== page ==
One year after passage, health care reform continues to generate lobbying and legal feesBy Sarah Dorsey Mar 23 2011 3:07 p.m.
One year ago today, President Obama signed the Patient Protection and Affordable Care Act into law. The legislative process that led to the bill's enactment proved to be a boon to lobbyists, including former aides to key members. Industry exerted influence on the administration and members of Congress from early on in the process, and continued lobbying after the bill was passed.
In 2009 and 2010, lobbyists for some 1,251 organizations disclosed lobbying on the bill, according to the Center for Responsive Politics. Those interests included pharmaceutical firms and their trade group, the Pharmaceutical Research and Manufacturers of America, insurers like Blue Cross/Blue Shield, the American Hospital Association, the American Medical Association, universities, retailers, restaurant chains, manufacturers, telecommunications firms and labor unions.
That lobbying continues in 2011. More than 180 firms have registered to lobby for new clients on health care issues so far in 2011, 16 of which disclosed the Affordable Care Act as a specific lobbying interest, according to Sunlight's Lobbying Registration Tracker.
Health care was a major issue in the 2010 campaign, in which outside groups spent more than $454 million. The newly elected Republican majority voted unanimously for a bill dubbed "Repeal the Job-Killing Health Care Law Act," but the measure, which would surely face a presidential veto were it to pass, remains stalled in the Senate, where Democrats have the majority.
While many of the act's major changes have yet to take effect, the administration has already exempted more than 1,000 groups from one of its requirements: the mandate to provide at least $750,000 in annual coverage per enrollee. About 2.6 million individuals with so-called "mini-med" plans are affected by these waivers.
The exemptions last for only one year, and are scheduled to be phased out in 2014, when states will be required to operate exchanges -- marketplaces where individuals can purchase coverage. The waivers are designed as a temporary stopgap to prevent beneficiaries from being dropped from coverage or priced out of it.
While small businesses were among those given the reprieve this year, including Captain Elliot's Party Boats, with 10 enrollees, and Hoosier Stamping and Manufacturing Corp., with 14, waivers were also granted to huge insurance companies. Aetna received an exemption for plans that cover over 209,000 enrollees, and Cigna's waiver affected 265,000.
The political fallout from the waivers has fallen along party lines, with critics charging that they're an indication of the burdens imposed by the law and may encourage favoritism. Supporters say they indicate a flexible approach to implementation.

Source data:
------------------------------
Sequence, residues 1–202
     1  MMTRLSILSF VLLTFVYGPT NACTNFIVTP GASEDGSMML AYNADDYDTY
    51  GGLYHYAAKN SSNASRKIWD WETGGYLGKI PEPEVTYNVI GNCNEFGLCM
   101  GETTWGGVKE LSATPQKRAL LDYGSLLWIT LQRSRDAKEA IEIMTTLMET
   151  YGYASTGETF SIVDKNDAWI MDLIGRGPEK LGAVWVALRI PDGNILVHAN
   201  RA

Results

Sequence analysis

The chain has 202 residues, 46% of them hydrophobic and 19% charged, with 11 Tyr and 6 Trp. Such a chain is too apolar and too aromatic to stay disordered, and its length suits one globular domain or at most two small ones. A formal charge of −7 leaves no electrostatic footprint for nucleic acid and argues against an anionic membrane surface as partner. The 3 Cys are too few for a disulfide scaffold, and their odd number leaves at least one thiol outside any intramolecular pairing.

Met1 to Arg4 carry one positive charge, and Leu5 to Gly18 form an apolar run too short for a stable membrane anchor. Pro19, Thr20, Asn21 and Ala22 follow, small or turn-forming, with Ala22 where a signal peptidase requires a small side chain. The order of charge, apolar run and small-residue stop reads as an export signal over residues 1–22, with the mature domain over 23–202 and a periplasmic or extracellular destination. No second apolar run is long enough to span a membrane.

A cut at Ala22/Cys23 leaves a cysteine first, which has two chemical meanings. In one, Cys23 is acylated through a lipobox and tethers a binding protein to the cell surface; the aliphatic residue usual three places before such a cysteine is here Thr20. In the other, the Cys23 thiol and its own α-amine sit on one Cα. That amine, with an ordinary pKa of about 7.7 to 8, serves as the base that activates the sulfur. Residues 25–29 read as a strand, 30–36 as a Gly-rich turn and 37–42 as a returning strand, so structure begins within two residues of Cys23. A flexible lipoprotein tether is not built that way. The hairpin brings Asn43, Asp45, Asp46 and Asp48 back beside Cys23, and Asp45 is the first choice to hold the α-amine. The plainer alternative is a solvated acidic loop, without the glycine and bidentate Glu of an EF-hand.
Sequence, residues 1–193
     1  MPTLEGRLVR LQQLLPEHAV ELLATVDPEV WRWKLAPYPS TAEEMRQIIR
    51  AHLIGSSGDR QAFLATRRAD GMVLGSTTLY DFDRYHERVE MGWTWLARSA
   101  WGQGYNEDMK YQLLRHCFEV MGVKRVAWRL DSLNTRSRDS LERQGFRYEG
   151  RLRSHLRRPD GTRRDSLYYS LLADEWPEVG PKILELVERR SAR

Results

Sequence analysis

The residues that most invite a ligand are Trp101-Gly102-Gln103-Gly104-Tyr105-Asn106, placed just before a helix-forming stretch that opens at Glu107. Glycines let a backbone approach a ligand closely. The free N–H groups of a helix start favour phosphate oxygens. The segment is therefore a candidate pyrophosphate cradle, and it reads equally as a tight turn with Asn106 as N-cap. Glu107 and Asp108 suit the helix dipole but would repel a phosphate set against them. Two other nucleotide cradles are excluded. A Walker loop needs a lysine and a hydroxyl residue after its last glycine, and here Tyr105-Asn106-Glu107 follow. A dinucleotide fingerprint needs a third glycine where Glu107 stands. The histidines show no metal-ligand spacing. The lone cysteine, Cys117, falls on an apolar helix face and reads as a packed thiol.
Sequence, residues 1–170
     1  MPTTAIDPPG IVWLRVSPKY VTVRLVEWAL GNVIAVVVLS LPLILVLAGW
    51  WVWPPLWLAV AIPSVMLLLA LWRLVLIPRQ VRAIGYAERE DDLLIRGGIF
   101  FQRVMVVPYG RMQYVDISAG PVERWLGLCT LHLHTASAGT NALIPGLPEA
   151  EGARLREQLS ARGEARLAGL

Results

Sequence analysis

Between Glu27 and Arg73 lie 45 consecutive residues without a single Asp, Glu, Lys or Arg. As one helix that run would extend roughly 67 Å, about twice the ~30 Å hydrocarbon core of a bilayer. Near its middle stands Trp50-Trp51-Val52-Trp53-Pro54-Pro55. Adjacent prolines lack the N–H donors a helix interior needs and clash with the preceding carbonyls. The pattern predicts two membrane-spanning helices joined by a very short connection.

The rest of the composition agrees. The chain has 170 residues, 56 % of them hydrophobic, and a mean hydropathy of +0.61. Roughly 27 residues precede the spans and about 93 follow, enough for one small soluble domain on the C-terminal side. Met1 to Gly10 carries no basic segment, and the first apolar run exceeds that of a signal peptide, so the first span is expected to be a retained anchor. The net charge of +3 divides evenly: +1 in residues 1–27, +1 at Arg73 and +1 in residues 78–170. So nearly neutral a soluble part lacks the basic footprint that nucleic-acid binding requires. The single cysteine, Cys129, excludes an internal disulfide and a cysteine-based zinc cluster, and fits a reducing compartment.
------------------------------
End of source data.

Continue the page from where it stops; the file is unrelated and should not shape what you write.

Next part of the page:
NOTE: In the above graph, traditional labor unions are grouped under the the "non-Taft Hartley union" segment, while the "multiemployer" category refers to collective bargaining agreements between a union and multiple employers. States were also allowed to apply for a waiver on behalf of several insurers, often because state law is at odds in some way with the federal reform act. In New Jersey, for example, insurers are required to provide affordable plans -- many of which have annual limits under $750,000.
The architects of health reform have attempted to minimize political challenges this year, front-loading the act with some of its most popular changes. New health plans can no longer deny coverage to children with pre-existing conditions; plans are required to allow children to remain on their parents' plans until age 26, and Medicare patients who fall into the so-called "donut hole" gap in prescription drug coverage get a 50 percent discount on certain covered brand-name drugs. As we reported last year, insurance companies must now also spend a certain portion of patient dollars on care rather than overhead -- a provision for which the state of Maine recently received a three-year waiver. Six other states have applied for similar exemptions. And even some of the law's selling points have had unintended consequences--rather than offer child-only insurance policies regardless of preconditions, many major insurers simply stopped offering the plans.
In recent polls, the country remains split on the law's merits, with more respondents believing the law will worsen medical care than improve it.
Four federal courts have ruled on the law, particularly the individual mandate, which requires citizens to purchase insurance or pay what is either a tax or a penalty--there is some dispute as to which term better describes the penalty. Two upheld it and two found all or part of it unconstitutional. Most recently, Florida Federal Judge Roger Vinson struck down the entire act in January on the grounds that the mandate that individuals purchase coverage was unconstitutional. That ruling was a response to a lawsuit brought by 26 states, and is now heading to higher courts for appeal.
For a sortable list of waivers received as of March 21, see below.
Joshua Hatch contributed visualizations to this story.
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